Tianna, thank you :) I have been inspired by many, many women, so I am so happy to do the same.
(Nursing my two month old at the Grand Canyon...can't even tell, right?)
I do not, regularly, use a breastfeeding cover. I have gotten good enough at it where I can nurse very discreetly. I always have on a tank top underneath my shirt, so I will pull up my shirt and then pull my tank top down underneath my breast. I'll cover my breast with my hand while the baby latches on, then my shirt will cover the rest of it while she nurses (I realize that I am a small-chested woman, so this works for me, but it may not work if you have a large chest...I don't know about that because I don't have a large chest!). When she gets distracted and pulls off, I quickly pull my shirt down. That means I am always very self aware and never show anything. Most people don't even realize I'm nursing. There are times when I do use a cover. Often it is in a social situation where I feel uncomfortable because I know others feel uncomfortable with me nursing, like around lots of guy friends, etc. Sometimes, I do leave and go to another room because being around people is just too distracting. When the baby was small, I would nurse in Sacrament meeting without a problem. More often now, I go to the lounge because it is less distracting for her.
I am not perfect at nursing on demand. She still uses a binky and I like that. But I have tried to be more aware this time and offer her my breast when she cries, rather than offering her a binky. She will nurse anywhere and in any position. She nurses while I chase the toddler around, getting him off tables, etc. She nurses while I clean up toys. She nurses while I hold her brother. She is really adaptable because she loves it so much.
Max was not difficult to wean, but I think it is because I never really, really nursed him for more than just feedings. By the end, he was nursing three times a day. Gradually, we stopped nursing before his nap - I just would lay him down with his binky instead of nursing him. Then, instead of nursing him in the morning, I'd take him right out of his crib and we'd go eat breakfast. At night, I just didn't nurse him one night and that was that. It was really easy to wean him (easy logistically but not easy emotionally), but again, I feel that it is probably because I never really nursed him for much more than nourishment. I do not know how it will be with Maude, since I've approached the whole thing much differently this time around. However, I'm not worried about it. I am quite comfortable with nursing her as long as she needs it. Yes, even if she is 2 years old. I know that is not culturally acceptable, but it feels right to me and I believe that relationship is very important...even past one year old.
Max never drank milk. He doesn't like it. I don't like milk either. At first, I was concerned about it. But after a lot of research and prayer, I decided it wasn't a big deal. We are made to think that dairy is where we get all of our nourishment, but that's simply not true. In fact, too much dairy can cause problems like inflammation and over-production of mucous. He eats a very well balanced diet and he eats other dairy products like cheese and yogurt very well. If you are concerned about liquid intake, you could offer almond milk, whole milk or raw cow's milk, or rice milk. I don't recommend soy milk.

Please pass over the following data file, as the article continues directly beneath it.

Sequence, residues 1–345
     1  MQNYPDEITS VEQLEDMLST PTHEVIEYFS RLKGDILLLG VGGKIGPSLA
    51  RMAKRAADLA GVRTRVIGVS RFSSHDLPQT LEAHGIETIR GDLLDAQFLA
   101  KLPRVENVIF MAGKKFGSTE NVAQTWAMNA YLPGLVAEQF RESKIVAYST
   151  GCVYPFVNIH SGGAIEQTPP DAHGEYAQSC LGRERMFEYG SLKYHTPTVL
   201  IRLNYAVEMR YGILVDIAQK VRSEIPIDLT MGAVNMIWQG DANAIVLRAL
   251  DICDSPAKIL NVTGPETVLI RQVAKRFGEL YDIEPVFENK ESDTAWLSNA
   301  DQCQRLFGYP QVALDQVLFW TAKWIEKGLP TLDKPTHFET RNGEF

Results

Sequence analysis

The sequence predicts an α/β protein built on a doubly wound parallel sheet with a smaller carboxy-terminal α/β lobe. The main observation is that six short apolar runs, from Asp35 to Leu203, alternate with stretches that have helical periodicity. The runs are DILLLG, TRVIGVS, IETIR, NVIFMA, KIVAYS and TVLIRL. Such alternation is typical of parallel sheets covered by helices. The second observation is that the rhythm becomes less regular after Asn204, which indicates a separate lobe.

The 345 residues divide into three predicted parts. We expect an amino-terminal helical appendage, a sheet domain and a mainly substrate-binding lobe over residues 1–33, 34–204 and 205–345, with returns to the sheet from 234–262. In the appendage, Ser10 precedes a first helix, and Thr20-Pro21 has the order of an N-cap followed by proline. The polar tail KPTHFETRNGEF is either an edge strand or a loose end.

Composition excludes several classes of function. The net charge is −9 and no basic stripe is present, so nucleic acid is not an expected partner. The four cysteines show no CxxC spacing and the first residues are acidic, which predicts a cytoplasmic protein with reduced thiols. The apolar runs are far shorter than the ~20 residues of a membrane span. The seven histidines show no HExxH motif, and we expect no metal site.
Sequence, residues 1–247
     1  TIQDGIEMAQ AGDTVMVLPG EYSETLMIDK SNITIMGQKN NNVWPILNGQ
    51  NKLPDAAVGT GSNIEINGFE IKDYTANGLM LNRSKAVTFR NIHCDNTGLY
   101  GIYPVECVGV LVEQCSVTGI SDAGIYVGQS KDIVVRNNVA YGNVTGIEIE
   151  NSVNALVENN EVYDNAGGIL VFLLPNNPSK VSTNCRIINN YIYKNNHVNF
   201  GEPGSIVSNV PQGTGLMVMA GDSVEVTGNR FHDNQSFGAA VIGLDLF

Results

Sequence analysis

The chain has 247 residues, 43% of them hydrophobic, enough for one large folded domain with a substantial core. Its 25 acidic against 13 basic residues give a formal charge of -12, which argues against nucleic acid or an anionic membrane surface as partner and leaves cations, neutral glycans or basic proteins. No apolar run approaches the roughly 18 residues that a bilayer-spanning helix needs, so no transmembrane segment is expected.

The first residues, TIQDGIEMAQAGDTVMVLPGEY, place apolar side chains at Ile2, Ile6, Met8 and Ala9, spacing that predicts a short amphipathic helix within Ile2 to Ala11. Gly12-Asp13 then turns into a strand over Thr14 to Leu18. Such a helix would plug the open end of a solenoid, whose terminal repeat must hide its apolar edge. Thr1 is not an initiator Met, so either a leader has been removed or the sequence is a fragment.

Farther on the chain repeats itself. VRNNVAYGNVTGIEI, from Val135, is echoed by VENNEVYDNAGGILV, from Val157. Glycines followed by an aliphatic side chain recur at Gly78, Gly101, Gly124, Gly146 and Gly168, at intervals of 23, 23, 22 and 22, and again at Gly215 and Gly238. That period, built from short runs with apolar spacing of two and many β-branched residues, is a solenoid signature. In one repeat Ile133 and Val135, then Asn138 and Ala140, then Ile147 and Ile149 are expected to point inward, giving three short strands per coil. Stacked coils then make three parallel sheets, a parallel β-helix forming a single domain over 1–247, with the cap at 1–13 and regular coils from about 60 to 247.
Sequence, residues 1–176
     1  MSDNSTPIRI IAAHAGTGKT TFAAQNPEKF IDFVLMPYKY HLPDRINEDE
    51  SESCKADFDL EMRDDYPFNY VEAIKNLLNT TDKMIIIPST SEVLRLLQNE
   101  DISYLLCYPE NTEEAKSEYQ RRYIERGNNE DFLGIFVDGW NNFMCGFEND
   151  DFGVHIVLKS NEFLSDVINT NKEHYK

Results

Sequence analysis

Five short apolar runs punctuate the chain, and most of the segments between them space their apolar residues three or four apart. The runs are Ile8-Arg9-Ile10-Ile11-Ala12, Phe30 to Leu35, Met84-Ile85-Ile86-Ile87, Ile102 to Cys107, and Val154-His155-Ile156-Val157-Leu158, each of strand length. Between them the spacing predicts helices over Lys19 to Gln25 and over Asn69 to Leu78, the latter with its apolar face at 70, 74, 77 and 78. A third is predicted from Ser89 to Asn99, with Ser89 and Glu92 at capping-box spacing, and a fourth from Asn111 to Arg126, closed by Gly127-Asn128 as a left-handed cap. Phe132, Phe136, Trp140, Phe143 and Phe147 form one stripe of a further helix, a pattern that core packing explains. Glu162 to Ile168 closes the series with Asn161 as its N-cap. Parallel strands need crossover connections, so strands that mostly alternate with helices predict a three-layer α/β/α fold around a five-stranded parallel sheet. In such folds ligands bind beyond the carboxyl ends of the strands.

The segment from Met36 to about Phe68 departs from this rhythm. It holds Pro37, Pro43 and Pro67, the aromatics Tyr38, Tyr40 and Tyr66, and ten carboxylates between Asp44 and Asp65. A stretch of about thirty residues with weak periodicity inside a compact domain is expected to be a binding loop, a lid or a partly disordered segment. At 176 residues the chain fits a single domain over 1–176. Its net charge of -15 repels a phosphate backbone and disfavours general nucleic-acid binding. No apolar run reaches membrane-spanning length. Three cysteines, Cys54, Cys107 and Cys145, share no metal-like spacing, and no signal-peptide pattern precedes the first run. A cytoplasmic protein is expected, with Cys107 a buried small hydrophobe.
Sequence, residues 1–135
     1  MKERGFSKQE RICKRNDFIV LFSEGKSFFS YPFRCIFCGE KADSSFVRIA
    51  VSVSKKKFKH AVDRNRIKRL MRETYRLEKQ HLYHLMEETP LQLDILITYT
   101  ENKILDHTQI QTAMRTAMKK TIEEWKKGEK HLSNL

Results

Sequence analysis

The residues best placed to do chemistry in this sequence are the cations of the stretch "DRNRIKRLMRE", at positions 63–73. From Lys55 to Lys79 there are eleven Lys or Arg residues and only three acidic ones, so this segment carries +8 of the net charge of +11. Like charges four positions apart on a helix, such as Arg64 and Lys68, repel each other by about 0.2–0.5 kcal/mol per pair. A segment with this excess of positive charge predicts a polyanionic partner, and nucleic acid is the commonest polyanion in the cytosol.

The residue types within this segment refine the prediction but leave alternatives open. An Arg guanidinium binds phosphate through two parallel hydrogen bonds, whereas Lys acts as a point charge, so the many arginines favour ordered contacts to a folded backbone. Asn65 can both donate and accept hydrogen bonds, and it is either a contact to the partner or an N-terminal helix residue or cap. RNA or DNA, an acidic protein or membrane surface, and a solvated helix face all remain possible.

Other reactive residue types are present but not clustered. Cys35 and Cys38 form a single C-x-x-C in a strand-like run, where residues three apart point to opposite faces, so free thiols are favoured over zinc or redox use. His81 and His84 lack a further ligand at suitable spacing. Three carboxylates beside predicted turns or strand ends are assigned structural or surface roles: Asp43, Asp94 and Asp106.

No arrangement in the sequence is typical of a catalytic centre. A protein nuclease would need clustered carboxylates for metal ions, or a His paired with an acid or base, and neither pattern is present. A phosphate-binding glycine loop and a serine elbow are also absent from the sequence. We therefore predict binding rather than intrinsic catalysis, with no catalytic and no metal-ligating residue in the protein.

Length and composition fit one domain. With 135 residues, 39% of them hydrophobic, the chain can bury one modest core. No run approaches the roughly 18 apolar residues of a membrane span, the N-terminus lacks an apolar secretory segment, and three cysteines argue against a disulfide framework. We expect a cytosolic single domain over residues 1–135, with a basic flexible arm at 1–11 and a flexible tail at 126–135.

As for the babysitter goes...here are my thoughts, and I realize that this may not be how everyone thinks, but it is how I feel. When I am a nursing mother, I try to remember what a privilege and blessing it is to be a nursing mother and to be the only one who can provide that nourishment for my baby. That means that I may have to sacrifice things while I am nursing. For example, I cannot leave my baby overnight or for more than a few hours at a time. But, to me, that never feels like a sacrifice, because honestly, I do not wish to be away from my baby or toddler for that amount of time. For me personally, if I need to get away and have time to myself, an hour or two is enough for me to feel rejuvenated. If we go on a date, that is trickier. I will make sure to nurse the baby right before we leave, and we will go on a short date. Or, if needed, we'll come home and feed the baby, then go back out. I have not had success with pumping after the first few weeks of the baby's birth. I don't pump more than just an ounce or so, so I don't even try. I just realize that a bottle is not an option for me, and leaving them for a long time is not an option either. As long as I realize that it isn't an option for me, it doesn't feel hard or annoying. Honestly, it doesn't bother me, though I know, for some women, it is very important for them to be able to not feel "attached" in that way. Or for others, who work, it is a necessity to be away. I don't have any advice on that front because I have not been in the situation where I've had to leave my baby for work.
When the baby is older, they can go longer between feedings. I find that it is much easier to leave the baby as they get older. Before the baby is 6 months old, I rarely leave. If I do, it is for only an hour and a half. Or else, I am rushing home feeling stressed that the baby is hungry. Once they can eat solids, you can distract them with that until you return.
Do you have any other questions? Did I answer everything you were wondering?